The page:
In the scenario that either the UK or EU feel that the protocol is leading to significant issues or hampering their capacity to trade, then they have the option of activating Article 16.

The component sets out the process for taking unilateral “safeguard” measures, which in reality would amount to suspending parts of the deal.

Specifically, Article 16 says safeguard measures can be taken if the protocol is leading to serious “economic, societal or environmental difficulties” that are liable to persist.

He said: “Triggering Article 16 now would severely disrupt the unity of the UK and EU response to the war in Ukraine.

“It is thus perhaps not surprising that key US figures chose this week to restate that any uncertainty around the stability of the Good Friday Agreement would hinder a future UK-US trade deal.”

In recent months talks between Foreign Secretary Liz Truss and her EU counterpart Maros Sefcovic have stalled, leading to calls from Brexiteers for the UK to act.

However, Professor Menon cautioned that triggering Article 16 won’t “rid” Britain of the protocol.

He added: “I think the British Government if it triggers Article 16 will do something relatively small and contained.

“And then there’s not a massive bust-up. You don’t end up getting rid of the protocol. You end up with months if not years of negotiations, mediation and arbitration.

“So, it’s a way of doing something but it’s not a way of solving anything. In a sense you’re still stuck with the protocol and you’re still negotiating about the future of the protocol.”

In essence, were Article 16 to be triggered it wouldn’t have a huge impact on the ground.

Many of the checks on goods flowing from Britain to Northern Ireland have already been unilaterally suspended.

Triggering the mechanism itself would only start a formal dispute process that requires both sides to go into talks to resolve.


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NATO slammed as former US Army chief exposes ‘two big issues’ in united Russia response




US Army vice chief of staff general Jack Keane, sat down on LBC radio to talk about the NATO conference which took place earlier this week. Mr Keane discussed the possibility that Putin could deploy chemical biological weapons on the battlefield. Russian President Vladimir Putin has already used the highly condemned thermobaric weapons since the war started just over a month ago.

The US Army chief acknowledged there had been no public policy declaration on the consequences Putin would face if he was to take such a barbaric action.

Mr Keane said: “Listen I was very disappointed by the NATO summit.

“I totally applaud the fact that they’re going to increase by 40k troops in Eastern Europe.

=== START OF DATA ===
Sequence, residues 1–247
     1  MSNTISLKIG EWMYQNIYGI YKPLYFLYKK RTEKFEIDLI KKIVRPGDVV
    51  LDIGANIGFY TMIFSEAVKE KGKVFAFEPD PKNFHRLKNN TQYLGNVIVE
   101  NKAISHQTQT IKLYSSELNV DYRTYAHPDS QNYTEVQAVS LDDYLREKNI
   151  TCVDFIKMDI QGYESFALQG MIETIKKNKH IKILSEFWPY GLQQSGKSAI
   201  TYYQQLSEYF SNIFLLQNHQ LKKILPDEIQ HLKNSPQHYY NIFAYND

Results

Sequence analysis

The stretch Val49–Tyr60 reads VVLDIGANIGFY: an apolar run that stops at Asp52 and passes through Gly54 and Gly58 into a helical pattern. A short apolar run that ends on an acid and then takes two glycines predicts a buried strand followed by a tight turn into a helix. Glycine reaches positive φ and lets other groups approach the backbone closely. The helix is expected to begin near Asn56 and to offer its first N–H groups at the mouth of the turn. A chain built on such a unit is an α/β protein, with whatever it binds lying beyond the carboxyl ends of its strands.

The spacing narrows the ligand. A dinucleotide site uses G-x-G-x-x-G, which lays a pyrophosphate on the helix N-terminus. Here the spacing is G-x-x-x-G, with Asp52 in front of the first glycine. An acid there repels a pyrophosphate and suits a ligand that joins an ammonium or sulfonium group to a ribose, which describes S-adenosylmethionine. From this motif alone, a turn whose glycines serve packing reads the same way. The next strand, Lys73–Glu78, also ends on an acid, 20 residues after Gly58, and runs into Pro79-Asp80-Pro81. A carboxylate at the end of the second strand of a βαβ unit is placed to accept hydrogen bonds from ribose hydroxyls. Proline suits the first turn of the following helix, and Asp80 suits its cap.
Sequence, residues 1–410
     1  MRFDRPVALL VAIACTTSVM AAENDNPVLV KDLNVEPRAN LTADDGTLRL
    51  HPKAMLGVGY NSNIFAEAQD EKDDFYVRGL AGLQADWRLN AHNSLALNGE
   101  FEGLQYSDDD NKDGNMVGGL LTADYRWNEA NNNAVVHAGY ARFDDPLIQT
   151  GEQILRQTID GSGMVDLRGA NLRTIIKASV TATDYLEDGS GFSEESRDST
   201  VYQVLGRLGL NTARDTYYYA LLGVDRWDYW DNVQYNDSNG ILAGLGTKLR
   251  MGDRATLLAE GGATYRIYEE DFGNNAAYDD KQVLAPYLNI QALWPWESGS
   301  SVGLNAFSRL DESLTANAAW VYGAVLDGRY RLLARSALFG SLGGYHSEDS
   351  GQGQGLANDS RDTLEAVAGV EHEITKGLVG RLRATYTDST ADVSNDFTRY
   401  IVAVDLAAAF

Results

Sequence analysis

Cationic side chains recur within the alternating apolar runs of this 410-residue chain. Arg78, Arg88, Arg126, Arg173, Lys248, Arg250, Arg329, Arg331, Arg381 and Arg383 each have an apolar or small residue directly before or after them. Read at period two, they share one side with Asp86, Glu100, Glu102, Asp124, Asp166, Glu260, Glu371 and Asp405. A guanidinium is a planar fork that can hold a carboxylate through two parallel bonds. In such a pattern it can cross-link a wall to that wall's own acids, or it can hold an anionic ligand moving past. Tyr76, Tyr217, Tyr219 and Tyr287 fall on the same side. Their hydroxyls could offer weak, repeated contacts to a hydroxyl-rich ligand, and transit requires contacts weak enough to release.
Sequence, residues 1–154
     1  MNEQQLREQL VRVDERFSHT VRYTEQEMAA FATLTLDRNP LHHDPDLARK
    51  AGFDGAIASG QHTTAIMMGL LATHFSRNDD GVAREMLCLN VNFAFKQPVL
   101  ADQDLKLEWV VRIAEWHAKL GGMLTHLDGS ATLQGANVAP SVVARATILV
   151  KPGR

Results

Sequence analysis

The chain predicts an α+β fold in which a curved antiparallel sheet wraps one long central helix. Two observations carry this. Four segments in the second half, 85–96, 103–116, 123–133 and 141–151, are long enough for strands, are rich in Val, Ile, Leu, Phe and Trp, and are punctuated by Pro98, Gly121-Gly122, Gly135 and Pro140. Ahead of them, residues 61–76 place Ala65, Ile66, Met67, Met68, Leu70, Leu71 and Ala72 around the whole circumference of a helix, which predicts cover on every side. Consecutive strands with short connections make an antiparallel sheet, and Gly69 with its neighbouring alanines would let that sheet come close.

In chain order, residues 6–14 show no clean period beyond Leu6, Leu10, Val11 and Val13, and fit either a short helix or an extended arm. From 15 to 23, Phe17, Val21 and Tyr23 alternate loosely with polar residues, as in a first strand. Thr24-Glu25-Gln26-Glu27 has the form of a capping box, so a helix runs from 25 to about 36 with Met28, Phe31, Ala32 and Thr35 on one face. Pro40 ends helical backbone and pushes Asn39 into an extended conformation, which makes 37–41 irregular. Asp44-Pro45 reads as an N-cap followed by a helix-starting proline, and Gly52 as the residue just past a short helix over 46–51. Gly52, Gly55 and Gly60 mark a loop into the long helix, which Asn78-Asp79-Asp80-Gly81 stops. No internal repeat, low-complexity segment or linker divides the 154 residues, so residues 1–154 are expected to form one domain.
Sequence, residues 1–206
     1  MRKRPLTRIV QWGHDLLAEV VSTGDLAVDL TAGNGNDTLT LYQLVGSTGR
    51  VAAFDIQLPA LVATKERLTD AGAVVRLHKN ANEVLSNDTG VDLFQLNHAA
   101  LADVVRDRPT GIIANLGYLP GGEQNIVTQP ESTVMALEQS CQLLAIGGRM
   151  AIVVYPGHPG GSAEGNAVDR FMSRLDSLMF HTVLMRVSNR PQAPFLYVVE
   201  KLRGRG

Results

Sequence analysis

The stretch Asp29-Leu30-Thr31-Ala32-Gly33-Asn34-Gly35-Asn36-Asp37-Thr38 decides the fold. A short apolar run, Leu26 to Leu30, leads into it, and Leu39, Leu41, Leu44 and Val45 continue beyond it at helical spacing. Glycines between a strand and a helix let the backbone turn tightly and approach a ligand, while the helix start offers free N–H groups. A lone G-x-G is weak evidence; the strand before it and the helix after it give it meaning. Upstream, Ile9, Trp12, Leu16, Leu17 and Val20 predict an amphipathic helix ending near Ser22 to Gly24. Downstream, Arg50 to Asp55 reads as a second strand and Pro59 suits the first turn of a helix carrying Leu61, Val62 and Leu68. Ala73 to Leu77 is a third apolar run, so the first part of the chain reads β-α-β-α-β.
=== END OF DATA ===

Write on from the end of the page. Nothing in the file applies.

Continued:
“And they’re increasing sanctions and it seems like a sense of unity.

“But on two big issues, it’s got to be disappointing, there’s no NATO public policy declaration.

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Mr Keane added: “At the end of that summit to deal with this particular issue, chemical biological weapons and nuclear weapons which the Russians have been waving in front of our face now for almost 30 days.

“What we need is… Think policy statement, not something that’s left to a reporter to ask a question on.

“And then you get a statement that you just repeated, which leads to more confirmation than anything else.

“A much better statement, using my words… I don’t want to put words into other people’s mouths.

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“But with me, the use of any form of WMB would be unacceptable.

“We will not let it stand, it will result in decisive consequential actions and all options are on the table.

“Words to that effect, in a public policy statement, and we didn’t get it and it’s really unfortunate.

“And what it does it leaves in the minds of Putin and his  leaders just what would the reaction be, ambiguous like that and I think it’s very unfortunate.”

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Fear of the Russian military deploying chemical biological weapons has been heightened.

Ukrainian outlet InformNapalm has warned that: “Our conclusions may sound premature or too apocalyptic, but after the missile attacks and bombing of civilian infrastructure in Ukraine, which the Russian army resorted to, we believe that it is necessary to make these data public and try to thwart any such intentions of Russia.”

And NATO Secretary-General Jens Stoltenberg said in Brussels on Thursday: “We’ve tried to be very clear about the gravity of the use of any such chemical weapons.

“These are agents that should never be employed and certainly not on the battlefield, as we are concerned Russia might.”